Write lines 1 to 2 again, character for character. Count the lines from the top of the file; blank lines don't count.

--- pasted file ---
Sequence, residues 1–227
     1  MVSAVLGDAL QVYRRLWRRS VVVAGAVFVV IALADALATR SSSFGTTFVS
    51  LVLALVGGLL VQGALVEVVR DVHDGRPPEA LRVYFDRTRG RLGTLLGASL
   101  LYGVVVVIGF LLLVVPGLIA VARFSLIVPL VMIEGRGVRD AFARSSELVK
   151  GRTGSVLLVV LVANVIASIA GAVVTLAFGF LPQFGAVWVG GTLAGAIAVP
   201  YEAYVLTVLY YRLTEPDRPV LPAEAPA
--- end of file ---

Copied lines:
Sequence, residues 1–227
     1  MVSAVLGDAL QVYRRLWRRS VVVAGAVFVV IALADALATR SSSFGTTFVS